This is a really excellent film—entertaining; funny, exciting, and extremely realistic. The style is gorgeous. In fact, I have nothing bad at all to say about it except that it may not be everyone's cup of tea. You also have to be patient with it. That may have been my problem the first time I saw it because I can remember mixing up quite a few people when not paying attention.. Still, the realism of the situations make up for its occasionally slow pace and dialogue-driven plot. For instance, none of these working-class guys know how to handle a gun when they need to, and the result is hilarious. They're not goofy by any means, but they're just normal guys that struggle with the life of crime that they are forced to turn to in order to repay Eddie's debt. Also note the fantastic use of "I Wanna Be Your Dog" by The Stooges. 8/10
  • Matt Maltby13 June 2005
    Good fun, but ultimately failing to live up to the comparisons
    I will be honest, I turned on 'Lock, Stock' with very little hope - I had been led to believe that it was a senseless action movie, the type of film that FHM give 10/10, and the rest of the world wouldn't touch with a barge pole. I was pleasantly surprised upon viewing the film, but still could not see how people compare the film to the Pulp Fictions and Trainspottings of this world.

    Upon reading the comments on 'Snatch', which I am yet to see, I noticed someone saying that the performances on both films were excellent across the board. Not having seen 'Snatch' I am unable to judge that, but i can certainly say that I was disappointed with the acting in 'Lock, Stock'. I felt that while Vinnie Jones made a good debut, and there was the odd good performance, the main quartet certainly let the film down. At times the focus on reeling off snappy dialogue took precedence over actually acting, and to a certain extent this led me to stop actually caring about what happened to the characters. While the thrill of their audacious attempts was great, and some of the lines were hilarious, most viewers get too swept up to really care at all about the characters. Some will say that this doesn't matter, but it certainly does to me.

    Ritchie's style of direction at times baffled me - at times I saw glimpses of cinematic genius, and realised exactly what the 'music video style' could bring to film, (e.g. Eddie's departure from the poker game) but occasionally shots felt amateurish and lazy - for example look at the two Kennys' 'get the guns' argument near the end of the film. This meant i could occasionally see what the plaudits were on about, and occasionally jumped right back to my original feelings about the film.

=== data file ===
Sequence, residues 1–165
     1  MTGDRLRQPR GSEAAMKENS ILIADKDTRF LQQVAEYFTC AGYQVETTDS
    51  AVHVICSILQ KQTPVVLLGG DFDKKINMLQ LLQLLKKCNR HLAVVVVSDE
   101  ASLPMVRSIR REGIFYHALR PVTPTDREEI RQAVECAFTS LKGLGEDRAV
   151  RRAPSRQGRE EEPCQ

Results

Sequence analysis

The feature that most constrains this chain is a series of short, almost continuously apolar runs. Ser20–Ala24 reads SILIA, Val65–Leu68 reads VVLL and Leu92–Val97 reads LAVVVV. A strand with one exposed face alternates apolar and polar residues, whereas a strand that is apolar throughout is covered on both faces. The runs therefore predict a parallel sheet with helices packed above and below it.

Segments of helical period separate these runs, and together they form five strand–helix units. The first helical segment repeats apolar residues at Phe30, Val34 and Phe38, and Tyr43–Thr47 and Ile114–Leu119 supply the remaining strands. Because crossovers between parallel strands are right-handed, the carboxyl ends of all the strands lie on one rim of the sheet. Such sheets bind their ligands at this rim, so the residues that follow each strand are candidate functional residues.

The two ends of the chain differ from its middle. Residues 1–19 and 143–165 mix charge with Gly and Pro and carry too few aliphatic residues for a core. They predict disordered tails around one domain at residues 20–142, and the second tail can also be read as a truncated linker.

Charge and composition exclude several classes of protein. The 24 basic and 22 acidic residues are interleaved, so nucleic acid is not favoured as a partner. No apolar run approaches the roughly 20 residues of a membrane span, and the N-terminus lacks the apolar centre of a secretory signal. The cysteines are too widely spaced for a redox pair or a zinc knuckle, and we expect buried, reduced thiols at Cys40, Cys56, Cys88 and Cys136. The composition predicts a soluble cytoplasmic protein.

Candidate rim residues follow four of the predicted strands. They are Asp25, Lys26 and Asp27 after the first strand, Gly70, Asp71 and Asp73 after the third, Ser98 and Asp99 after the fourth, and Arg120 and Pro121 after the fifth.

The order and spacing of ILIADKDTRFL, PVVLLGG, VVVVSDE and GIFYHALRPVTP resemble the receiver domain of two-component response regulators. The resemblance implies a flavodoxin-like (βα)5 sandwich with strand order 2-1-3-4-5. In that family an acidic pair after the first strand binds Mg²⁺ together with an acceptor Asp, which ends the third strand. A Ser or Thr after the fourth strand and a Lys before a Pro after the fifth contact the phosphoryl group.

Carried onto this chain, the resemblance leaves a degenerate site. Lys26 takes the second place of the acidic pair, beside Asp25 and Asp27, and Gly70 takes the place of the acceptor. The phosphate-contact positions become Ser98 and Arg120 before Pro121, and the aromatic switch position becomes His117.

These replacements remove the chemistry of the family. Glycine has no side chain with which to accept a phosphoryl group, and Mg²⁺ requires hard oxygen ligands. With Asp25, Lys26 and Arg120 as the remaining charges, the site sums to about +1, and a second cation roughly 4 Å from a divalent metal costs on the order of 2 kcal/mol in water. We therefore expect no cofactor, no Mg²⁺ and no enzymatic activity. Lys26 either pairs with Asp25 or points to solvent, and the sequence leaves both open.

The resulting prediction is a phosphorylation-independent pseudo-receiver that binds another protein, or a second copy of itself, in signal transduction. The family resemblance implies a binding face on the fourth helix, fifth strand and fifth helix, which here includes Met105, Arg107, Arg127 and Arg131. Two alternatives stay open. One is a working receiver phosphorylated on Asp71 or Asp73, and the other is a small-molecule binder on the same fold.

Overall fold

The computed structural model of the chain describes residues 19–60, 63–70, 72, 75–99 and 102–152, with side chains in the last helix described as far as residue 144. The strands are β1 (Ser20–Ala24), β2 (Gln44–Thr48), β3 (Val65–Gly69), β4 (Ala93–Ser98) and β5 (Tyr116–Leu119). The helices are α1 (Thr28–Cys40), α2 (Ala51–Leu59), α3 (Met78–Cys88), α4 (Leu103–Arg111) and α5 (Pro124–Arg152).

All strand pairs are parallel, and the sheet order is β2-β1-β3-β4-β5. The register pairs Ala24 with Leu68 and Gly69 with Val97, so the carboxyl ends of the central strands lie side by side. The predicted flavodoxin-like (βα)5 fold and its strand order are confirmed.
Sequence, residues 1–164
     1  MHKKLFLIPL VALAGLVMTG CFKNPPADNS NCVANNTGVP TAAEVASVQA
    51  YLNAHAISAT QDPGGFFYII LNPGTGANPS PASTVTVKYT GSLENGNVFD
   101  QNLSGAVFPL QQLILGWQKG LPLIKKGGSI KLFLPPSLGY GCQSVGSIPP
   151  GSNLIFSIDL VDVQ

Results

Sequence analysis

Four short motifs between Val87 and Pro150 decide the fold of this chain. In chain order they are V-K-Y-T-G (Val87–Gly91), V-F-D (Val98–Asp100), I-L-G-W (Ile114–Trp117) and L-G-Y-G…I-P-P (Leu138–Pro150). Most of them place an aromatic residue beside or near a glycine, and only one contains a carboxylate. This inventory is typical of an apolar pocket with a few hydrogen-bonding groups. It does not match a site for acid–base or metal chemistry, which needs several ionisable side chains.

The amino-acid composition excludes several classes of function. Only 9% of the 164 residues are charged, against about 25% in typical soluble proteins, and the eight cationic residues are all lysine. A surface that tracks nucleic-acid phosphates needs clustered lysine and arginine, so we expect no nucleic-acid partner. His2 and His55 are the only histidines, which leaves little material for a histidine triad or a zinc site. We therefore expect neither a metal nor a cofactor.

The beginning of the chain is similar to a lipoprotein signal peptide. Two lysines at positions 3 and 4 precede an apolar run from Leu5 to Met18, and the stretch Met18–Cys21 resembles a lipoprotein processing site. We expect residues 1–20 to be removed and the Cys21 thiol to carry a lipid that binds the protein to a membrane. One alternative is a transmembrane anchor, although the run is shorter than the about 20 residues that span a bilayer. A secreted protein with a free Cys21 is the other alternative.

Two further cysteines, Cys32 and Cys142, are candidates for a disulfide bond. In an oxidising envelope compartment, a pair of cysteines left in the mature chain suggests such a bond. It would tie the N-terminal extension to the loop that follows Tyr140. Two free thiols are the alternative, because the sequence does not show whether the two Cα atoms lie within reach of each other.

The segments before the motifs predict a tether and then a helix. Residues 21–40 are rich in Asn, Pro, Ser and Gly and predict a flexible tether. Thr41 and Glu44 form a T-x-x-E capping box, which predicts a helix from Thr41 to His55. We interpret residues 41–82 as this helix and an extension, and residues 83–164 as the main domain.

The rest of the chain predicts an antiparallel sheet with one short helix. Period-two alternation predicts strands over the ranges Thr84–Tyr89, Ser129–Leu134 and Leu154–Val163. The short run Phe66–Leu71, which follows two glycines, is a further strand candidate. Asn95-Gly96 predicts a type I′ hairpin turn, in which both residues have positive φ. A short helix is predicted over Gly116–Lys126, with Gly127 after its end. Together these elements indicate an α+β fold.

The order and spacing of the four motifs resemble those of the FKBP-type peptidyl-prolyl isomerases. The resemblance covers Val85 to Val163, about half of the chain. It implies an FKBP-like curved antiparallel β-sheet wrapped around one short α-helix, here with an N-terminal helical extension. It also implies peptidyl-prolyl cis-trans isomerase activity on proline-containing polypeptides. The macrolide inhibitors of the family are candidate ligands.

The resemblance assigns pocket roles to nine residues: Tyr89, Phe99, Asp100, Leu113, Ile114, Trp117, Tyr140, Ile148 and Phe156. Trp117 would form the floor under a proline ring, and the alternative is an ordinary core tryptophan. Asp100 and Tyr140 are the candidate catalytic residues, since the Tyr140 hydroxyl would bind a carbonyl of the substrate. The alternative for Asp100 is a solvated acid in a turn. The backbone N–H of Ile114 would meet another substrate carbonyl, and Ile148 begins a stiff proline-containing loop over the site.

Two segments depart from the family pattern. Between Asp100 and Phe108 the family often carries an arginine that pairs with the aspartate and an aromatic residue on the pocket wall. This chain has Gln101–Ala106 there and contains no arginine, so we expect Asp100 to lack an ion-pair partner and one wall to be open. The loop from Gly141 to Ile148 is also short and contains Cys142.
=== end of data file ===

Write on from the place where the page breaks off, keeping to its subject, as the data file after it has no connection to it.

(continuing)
There is normally nothing that I hate more than pretentious film critics rubbishing a film because it isn't a) a postmodern satire on what it is really like to be a man or b) a documentary on Ukrainian house-husbands, and I did thoroughly enjoy Lock, Stock (I gave it 7/10). However, it is not, in my opinion, worthy of top 250 entry, and will always remain for me a post-pub fun fest.
  • kenjha28 September 2007
    Slick but Unpleasant
    This slick film details the lives of a bunch of blokes in the British underworld as they fight over drug money. The Cockney accents of most of the characters are so thick that anyone outside Britain would have to have the subtitles turned on to understand what is going on. There are too many characters and not a single one of them is likable. It's difficult to keep track of the three gangs, who all seem to have similar looking young men. The plot is interesting though somewhat convoluted. Ritchie directs with a lot of energy but his cinematic tricks (freeze-frames and voice-overs) are distracting. Songs are overused on the soundtrack.
  • Lumpenprole21 January 2002
    For $8 million, this is a fricking monument of 1990's film. The first time I saw it I laughed at most of the jokes and followed the plot with pleasure. That's more than I can say about any number of movies in the 1990's that cost ten times as much to make and starred pricey talent. The editing is clever and cute. The casting is just short of flawless. Of the four principles, only Bacon seemed consistent to me. The minor parts were sometimes spectacular, esp. Big & Little Chris and Barry the Baptist.

    There are some legitimate complaints about this movie. The big one is that it doesn't really go anywhere or mean anything. It seems like an awful lot of flash and talent to end up saying nothing about anything. But um… it's not like Lock, Stock is trying to be anything it isn't, so maybe it's not a valid critique after all. Considering how long Tarrantino's influence has been around, it's a little unfair to call Ritchie on imitating him. There are some similarities – large casts, distinct characters, clever dialogue, rapid shifts in narratives from one string to another and shifting in time, and few other things. I think the problem is that years of dumbing down by Hollywood have almost eliminated all these things. The influence is there certainly, but it would not seem as pronounced if there were any other hugely exposed filmmakers in recent memory that put as much emphasis on dialogue and character besides Tarantino.

    I haven't watched MTV since the mid-1980's, so the style of Lock Stock and Snatch didn't seem trite to me. Some people I talked to said that the film style was too much like the average car commercial or pop video, which is getting the influence backwards, but I could see how those associations would spoil the experience.
  • brando64723 December 2007
    Guy Ritchie's Hilarious Feature Debut